Castleknock is a suburb on the North/West side of Dublin City in Ireland. Located just inside Dublin city’s M50 ring road, bordered to the west by the village of Blanchardstown, to the east by the Phoenix Park, to the north by the old townland of Dunsink, to the South by Chapelizod and to the South/West by Lucan
Castleknock (Caisleán Cnucha in Irish meaning “Castle of the Hill” or “Cnucha’s Castle” is a suburb and a suburban village in North/west County Dublin. It is located 8 km west of the centre of Dublin, Ireland. In the Postal area know as Dublin 15
Castleknock, a parish in the barony of Castleknock, County Dublin and province of Leinster, 3¾ miles (N. W) from Dublin city centre, containing 4251 inhabitants, of which number, 188 are in the village.
Tradition says that this was a royal residence of the Danes, and that, in 1167, Roderick O’Connor encamped here with his Connaught forces, when he led a numerous army to Dublin, where he was solemnly inaugurated King of Ireland, and engaged the Danish residents in his pay. The castle was given by Earl Strongbow to his friend, Hugh de Tyrrell, who was styled Baron of Castleknock. It was taken by Edward Bruce in 1316, and Hugh de Tyrrell and his lady made prisoners, but released on the payment of a large ransom. In June, 1642, time castle was taken for the parliament by Col. Monk, afterwards Duke of Albemarle, who slew in the assault 80 of its defenders, and subsequently hanged many more; but in November, 1641, Owen Roe O’Nial, and Sir Thomas Esmonde, Bart., at the head of a royalist force, retook it. The Marquess of Ormonde encamped here in 1649, when he threatened to besiege Dublin; and after the Restoration it fell into decay.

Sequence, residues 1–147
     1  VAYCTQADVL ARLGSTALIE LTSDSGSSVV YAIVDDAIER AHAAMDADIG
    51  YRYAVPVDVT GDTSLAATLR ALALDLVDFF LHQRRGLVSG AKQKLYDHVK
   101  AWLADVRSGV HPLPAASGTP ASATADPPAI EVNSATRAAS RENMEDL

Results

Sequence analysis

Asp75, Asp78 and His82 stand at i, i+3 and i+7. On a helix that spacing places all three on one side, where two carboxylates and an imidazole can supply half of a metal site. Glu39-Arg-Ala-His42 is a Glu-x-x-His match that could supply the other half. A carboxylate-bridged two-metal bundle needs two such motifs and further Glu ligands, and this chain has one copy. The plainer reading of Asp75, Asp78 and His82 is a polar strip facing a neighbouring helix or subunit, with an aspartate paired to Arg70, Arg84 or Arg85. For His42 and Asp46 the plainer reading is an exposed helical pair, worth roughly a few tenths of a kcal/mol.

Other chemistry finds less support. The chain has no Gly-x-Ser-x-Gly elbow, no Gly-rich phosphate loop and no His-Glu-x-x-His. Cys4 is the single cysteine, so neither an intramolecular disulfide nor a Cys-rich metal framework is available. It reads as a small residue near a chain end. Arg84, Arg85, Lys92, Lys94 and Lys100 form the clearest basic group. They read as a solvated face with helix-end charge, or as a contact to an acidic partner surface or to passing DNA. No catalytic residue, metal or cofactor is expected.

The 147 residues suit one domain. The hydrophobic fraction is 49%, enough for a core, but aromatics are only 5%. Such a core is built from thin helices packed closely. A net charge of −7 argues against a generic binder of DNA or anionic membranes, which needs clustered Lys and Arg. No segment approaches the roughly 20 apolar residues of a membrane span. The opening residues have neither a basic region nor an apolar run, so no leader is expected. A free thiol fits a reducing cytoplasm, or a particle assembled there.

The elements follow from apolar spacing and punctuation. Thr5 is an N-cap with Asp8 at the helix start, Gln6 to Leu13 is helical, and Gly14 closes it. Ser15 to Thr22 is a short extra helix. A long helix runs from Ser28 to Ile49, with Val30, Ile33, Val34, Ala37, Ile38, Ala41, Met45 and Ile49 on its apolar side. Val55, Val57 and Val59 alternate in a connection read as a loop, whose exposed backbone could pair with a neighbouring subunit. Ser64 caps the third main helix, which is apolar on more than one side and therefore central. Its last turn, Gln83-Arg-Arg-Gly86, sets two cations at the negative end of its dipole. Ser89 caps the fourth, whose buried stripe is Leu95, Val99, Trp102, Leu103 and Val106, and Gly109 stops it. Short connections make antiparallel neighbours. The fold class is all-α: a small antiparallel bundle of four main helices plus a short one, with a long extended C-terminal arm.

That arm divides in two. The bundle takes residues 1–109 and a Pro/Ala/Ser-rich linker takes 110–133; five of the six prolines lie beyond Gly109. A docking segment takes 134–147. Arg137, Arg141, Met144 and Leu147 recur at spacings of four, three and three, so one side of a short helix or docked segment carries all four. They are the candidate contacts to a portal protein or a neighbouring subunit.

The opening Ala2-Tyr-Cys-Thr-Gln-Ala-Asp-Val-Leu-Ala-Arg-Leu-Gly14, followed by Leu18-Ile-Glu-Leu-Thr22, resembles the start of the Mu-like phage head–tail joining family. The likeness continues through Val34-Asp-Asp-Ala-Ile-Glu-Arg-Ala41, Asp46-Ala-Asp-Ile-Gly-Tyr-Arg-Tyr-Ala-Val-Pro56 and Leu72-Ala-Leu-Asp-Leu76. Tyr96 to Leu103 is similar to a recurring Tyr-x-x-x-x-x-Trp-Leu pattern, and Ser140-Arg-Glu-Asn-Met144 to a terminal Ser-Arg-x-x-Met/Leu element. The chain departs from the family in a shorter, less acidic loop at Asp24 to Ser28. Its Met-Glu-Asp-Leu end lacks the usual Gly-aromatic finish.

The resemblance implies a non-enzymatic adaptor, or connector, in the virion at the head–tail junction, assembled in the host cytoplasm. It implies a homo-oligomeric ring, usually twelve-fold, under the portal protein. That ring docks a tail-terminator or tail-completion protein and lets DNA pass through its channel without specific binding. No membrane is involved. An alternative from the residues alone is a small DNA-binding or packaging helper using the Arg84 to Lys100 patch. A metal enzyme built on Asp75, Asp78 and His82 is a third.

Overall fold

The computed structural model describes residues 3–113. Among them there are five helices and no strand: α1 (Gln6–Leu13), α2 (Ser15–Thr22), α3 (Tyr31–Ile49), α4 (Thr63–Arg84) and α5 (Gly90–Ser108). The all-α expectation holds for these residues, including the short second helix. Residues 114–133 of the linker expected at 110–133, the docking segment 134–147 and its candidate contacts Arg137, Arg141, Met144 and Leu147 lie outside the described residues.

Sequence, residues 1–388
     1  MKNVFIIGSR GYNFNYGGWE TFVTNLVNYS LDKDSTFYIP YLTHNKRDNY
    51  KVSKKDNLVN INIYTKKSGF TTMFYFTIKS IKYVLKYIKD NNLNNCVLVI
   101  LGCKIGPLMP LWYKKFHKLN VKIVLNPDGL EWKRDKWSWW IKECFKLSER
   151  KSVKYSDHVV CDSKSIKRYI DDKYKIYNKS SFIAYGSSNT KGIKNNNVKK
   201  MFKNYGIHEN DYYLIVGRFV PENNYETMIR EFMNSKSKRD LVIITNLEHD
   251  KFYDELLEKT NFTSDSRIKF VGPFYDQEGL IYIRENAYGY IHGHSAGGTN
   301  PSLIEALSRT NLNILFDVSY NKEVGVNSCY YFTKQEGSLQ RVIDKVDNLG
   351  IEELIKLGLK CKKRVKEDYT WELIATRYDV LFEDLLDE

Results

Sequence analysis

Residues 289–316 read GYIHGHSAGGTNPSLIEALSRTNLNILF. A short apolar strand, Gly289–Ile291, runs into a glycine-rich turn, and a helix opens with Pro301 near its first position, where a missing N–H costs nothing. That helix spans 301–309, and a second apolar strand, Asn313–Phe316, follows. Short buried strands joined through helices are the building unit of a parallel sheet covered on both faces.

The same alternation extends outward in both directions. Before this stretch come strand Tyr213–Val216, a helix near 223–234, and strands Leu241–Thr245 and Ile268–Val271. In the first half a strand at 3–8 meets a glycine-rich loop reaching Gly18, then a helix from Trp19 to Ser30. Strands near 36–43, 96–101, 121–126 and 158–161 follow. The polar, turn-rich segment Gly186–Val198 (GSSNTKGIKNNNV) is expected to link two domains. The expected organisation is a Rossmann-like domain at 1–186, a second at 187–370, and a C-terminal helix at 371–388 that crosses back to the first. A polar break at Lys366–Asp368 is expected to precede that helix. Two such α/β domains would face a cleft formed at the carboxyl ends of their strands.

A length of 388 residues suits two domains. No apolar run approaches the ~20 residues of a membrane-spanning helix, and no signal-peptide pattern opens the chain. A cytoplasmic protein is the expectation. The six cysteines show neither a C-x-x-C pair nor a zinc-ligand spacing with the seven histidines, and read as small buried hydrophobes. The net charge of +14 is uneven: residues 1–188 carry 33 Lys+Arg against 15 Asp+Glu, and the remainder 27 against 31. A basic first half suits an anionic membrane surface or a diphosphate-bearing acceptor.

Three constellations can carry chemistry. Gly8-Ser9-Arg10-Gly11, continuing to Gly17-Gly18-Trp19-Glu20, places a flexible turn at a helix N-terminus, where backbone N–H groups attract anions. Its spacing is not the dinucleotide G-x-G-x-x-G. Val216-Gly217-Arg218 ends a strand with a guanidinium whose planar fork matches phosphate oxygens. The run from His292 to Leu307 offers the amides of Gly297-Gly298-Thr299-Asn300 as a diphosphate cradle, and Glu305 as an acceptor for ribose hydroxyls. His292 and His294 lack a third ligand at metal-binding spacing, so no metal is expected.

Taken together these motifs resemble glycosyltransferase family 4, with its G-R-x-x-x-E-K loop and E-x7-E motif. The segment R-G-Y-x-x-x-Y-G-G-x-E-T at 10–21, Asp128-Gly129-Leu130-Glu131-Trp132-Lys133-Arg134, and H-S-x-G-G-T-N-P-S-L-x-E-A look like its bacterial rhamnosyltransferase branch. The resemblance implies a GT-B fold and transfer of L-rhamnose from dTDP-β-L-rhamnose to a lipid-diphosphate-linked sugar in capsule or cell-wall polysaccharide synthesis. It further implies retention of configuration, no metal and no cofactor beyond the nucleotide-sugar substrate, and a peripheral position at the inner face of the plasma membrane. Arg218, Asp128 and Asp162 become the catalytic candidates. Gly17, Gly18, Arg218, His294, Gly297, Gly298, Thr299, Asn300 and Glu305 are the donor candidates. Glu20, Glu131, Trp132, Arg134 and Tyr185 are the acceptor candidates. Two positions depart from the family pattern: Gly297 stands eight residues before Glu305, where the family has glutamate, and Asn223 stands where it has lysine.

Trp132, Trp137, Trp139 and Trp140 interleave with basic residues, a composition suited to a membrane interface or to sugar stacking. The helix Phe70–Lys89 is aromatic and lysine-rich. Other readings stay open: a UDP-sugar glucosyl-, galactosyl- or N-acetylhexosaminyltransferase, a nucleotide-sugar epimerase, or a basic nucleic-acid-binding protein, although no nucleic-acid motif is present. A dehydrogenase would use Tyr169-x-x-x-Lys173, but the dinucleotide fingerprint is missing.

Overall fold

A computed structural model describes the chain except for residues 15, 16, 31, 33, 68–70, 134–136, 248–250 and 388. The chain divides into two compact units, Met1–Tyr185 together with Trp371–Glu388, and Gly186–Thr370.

The parish is situated on the road from Dublin to Navan, and is intersected by the Royal Canal: it contains 6621 statute acres, the whole of which is arable land. Here are extensive limestone quarries, in which fossil remains are frequently found. On the river Liffey are three woollen mills, where friezes, jerseys, lambskins, and Petershams, are manufactured; they have been established nearly a century, and employ above 60 persons during the winter. A factory for worsted and worsted yarn has been recently established at Blanchardstown, which employs between 80 and 100 persons; there are also on the Liffey mustard and two flour-mills, and at Cardiff-Bridge is a small iron-foundry. The parish is within the Dublin two penny post delivery. Petty sessions are held every alternate Monday at Blanchardstown, where there is a constabulary police station.
The scenery on the banks of the Liffey, towards Lucan, is very beautiful and northern side of the valley is celebrated for strawberries. In addition to the vice-regal lodge, and the chief and under secretaries residences, the parish contains many seats commanding delightful views : the principal seats are Sheep-hill, the residence of J. H. Hamilton, Esq., situated in a demesne of 500 acres ; Farmley, of Charles Trench, Esq. ; Knockmaroon, of Col. Colby ; Park View, of A. Ferrier, Esq. ; Mountsackville, of. J. Hawkins, Esq. ; Diswellstown, of C. O’Keeffe, Esq. ; Airfield, of R. Manders, Esq. ; Hybla, of the Rev. G. O’Connor ; Scripplestown, of W. Rathborne, Esq. ; Dunsinea, of H. Rathborne, Esq, ; Scribblestown, of A. Holmes, Esq. ; Ashtown, of J. Dunne, Esq. ; Elm Green, of F. Dwyer, Esq. ; Oatlands, of J. Godley, Esq. ; Haymount, of Dr. Marsh ; Bellville, of J. Murphy, Esq. ; Ashfield, of W. Oldham, Esq. ; Cabra, of J. Plunkett, Esq. ; and Huntstown, of O’Coghlan, Esq.